RingMaster 24/10/2013

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Sarah Jezebel Deva – The Corruption Of Mercy

After the negativity for her decent debut solo album with even Sarah Jezebel Deva herself not over enamoured with the end results there has been a subdued anticipation for its follow up even with the impressive pedigree of artist.  For all of those holding back investigating The Corruption Of Mercy released via Listenable Records, the recommendation is easy just dive into its splendour and enjoy. The release may not quite touch album of the year standards but its generous and glowing sounds matched by eager intensity and emotive energy is a sure thing to pleasure the senses and feed all harmonious and adventurous taste buds.

It does seem strange that it had taken until 2008 for Sarah to take the step into the limelight with her own solo work. Fourteen years as a backing singer with Cradle of Filth, and work with bands like The Kovenant, The Gathering, Mystic Circle, Trigger The Bloodshed, Mensrea (GWAR side project), Graveworm, Tulus (Name later changed to Khold), and Creations Tears (Featuring ex Paradise Lost drummer Lee Morris) has sealed her place in metal even if it subdued her potential in many ways. 2005 did see her join forces with Tommy and Chris Rehn to form Angtoria whose album God Has A Plan For Us All gained strong acclaim. The band never toured with her COF duties always the pull away for her.  Three years later she did take the move to go solo releasing her debut album A Sign Of Sublime , featuring a host of guests including Dave Pybus (COF/Angtoria/Anathema) on bass, Chris Rehn (Angtoria) keys/programming, Martin Powell (Ex COF/My Dying Bride/Anathema) keys and Max Blunos (Trigger The Bloodshed) on drums.

For The Corruption Of Mercy which she started working on immediately after her debut, Sarah Jezebel Deva brought together a permanent and touring band under the umbrella of her name consisting of guitarists Dan Abela and Jonny Gray, bassist Ablaz and drummer Jamie Abela. The album also has the guest wizardry of Pzy-Clone from The Kovenant to contribute programming and orchestration. Recorded at Legacy London Studios, England the project’s official website states ‘Sarah feels “The Corruption Of Mercy” should have been the first album.’ With the major step forward in all aspects musically, lyrically and song craft it is understandable and the reason people should not think twice about checking the album out.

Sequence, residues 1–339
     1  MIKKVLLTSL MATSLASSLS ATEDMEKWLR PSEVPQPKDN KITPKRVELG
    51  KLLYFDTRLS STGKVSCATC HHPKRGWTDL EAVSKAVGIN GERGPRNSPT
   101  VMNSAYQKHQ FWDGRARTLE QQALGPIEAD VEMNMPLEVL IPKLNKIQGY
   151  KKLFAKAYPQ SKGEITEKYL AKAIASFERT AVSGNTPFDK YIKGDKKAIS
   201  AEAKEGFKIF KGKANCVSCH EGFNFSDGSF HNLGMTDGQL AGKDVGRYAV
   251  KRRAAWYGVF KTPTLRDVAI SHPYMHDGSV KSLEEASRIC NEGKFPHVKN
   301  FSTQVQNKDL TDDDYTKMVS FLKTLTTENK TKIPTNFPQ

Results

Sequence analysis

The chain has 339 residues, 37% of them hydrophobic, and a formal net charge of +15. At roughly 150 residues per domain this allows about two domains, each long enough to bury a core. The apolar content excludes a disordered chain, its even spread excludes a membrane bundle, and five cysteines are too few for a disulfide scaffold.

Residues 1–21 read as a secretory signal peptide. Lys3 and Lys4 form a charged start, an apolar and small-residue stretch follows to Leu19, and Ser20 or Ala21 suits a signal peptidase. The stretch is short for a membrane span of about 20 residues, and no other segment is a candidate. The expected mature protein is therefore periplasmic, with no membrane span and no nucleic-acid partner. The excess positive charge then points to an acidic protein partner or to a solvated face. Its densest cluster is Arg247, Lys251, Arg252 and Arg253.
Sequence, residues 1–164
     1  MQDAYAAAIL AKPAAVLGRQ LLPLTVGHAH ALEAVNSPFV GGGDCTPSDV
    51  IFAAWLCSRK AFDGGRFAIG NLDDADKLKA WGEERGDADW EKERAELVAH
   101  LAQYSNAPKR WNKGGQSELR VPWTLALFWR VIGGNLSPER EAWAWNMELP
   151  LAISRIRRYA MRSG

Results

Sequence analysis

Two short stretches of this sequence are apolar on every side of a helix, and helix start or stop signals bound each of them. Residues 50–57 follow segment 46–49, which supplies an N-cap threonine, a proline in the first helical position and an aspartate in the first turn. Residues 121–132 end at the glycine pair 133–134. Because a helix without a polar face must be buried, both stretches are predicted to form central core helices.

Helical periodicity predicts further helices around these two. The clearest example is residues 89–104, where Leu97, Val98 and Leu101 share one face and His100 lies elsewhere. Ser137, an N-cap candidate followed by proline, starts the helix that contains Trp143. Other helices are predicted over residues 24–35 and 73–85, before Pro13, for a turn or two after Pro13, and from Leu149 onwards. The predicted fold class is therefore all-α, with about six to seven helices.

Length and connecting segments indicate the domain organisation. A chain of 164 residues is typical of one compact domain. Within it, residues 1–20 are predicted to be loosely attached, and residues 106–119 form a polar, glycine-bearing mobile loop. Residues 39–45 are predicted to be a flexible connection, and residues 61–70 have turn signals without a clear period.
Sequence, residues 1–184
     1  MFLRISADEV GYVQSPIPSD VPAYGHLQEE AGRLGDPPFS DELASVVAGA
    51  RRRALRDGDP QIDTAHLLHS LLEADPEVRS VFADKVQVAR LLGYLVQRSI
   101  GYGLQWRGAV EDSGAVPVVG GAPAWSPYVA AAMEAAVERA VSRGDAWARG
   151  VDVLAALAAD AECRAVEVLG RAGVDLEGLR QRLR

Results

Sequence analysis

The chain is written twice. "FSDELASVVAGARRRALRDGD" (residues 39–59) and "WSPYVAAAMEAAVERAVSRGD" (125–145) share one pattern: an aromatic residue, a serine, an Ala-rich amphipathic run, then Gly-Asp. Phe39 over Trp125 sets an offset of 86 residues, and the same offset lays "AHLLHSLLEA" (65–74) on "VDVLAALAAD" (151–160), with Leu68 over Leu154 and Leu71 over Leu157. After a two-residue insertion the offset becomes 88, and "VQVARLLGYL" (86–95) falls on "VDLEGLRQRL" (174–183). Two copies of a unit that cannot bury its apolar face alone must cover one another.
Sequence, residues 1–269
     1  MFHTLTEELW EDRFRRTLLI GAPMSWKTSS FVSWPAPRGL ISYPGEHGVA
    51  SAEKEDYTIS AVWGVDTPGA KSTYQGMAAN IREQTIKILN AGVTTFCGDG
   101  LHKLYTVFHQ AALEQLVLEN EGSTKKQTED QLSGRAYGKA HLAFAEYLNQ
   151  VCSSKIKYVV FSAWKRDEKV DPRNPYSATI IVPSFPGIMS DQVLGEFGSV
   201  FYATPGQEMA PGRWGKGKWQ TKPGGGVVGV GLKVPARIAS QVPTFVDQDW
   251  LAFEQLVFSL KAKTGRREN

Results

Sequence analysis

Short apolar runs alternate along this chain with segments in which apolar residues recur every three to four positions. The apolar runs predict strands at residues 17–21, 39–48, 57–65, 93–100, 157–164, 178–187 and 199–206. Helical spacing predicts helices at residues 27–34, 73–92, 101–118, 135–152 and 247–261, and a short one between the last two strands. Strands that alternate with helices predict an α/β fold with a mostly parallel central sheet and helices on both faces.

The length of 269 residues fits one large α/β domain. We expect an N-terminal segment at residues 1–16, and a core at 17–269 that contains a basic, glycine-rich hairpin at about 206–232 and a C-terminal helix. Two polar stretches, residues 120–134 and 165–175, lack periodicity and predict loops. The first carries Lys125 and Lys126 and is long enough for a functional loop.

The songs within the album are as firmly varied as Sarah’s vocals are impressive; her soaring and glorious tones matched by the diverse and large soundscapes conjured up, though at times the band unveils the simple and elegant sounds to equal effect. The release starts off with ‘No Paragon of Virtue’, a large dramatic song with soaring orchestral sounds fused against driven energetic heavy riffs and thrusting beats. The song sounds like an even more theatrical version of Stolen Babies but staying well within the bounds of pomposity. The song is immense and grows even deeper into the heart the more times one enters its charms.

The straight forward and satisfying direct rock flow of ‘The World Won’t Hold Your Hand’ comes next before passing over to the melodic majesty of ‘A Matter of Convenience’.  Though it is not exactly a ground breaking song its smoothness, expressive vocals and lyrics, and captivating allure makes it a highlight amongst many. The dark synth vein running through it brings a twinkling wickedness also adding to its power.

A great song that leads into the album’s finest moment in the glory of ‘Silence Please’, which like the opener it is another grand and sparkling theatrical flourish of sounds. Sarah’s vocals are as expansive and wonderfully soaring as the orchestral arrangements both swarming over the striking intense riffs and attack. One can imagine it framing any highly dramatic gothic movie scene or dark hearted animation, the sound larger than life and as powerful as one would wish.

The remaining tracks all bring bright creativity and impressive substance from the stunning piano and voice piece ‘Pretty with Effects’, the pulsating urgency and striking harmonies of ‘Sirens’, to the folk metal tinged immensity of ‘The Eyes That Lie’ a track that Arkona would eagerly grab, the songs ripple with engaging mesmerising beauty and beguiling energy, Even the cover of The Cranberries’ ‘Zombie’, a track well bled dry by multiple versions is a mighty fine and different effort.

 The Corruption Of Mercy is a thoroughly impressive and enjoyable release and evidence that Sarah Jezebel Deva herself and the band are a more than formidable and important part of anyone’s playlist, and as this piece comes to a close whilst listening once more, the album is nearer that best of the year step than ever before.

RingMaster 09/11/2011 Registered & Protected